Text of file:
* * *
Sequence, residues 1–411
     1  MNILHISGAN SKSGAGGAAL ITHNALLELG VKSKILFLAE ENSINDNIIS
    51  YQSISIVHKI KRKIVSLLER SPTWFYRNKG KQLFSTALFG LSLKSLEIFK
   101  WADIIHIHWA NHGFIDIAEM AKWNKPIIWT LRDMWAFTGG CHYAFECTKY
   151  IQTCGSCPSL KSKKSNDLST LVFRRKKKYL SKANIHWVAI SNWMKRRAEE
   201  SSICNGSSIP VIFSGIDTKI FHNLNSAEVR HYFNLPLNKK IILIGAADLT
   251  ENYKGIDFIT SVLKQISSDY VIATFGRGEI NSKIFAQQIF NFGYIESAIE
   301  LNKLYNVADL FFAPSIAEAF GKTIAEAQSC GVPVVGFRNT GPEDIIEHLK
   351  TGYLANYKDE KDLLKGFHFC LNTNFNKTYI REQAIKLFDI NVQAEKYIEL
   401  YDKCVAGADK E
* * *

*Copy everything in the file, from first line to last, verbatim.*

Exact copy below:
Sequence, residues 1–411
     1  MNILHISGAN SKSGAGGAAL ITHNALLELG VKSKILFLAE ENSINDNIIS
    51  YQSISIVHKI KRKIVSLLER SPTWFYRNKG KQLFSTALFG LSLKSLEIFK
   101  WADIIHIHWA NHGFIDIAEM AKWNKPIIWT LRDMWAFTGG CHYAFECTKY
   151  IQTCGSCPSL KSKKSNDLST LVFRRKKKYL SKANIHWVAI SNWMKRRAEE
   201  SSICNGSSIP VIFSGIDTKI FHNLNSAEVR HYFNLPLNKK IILIGAADLT
   251  ENYKGIDFIT SVLKQISSDY VIATFGRGEI NSKIFAQQIF NFGYIESAIE
   301  LNKLYNVADL FFAPSIAEAF GKTIAEAQSC GVPVVGFRNT GPEDIIEHLK
   351  TGYLANYKDE KDLLKGFHFC LNTNFNKTYI REQAIKLFDI NVQAEKYIEL
   401  YDKCVAGADK E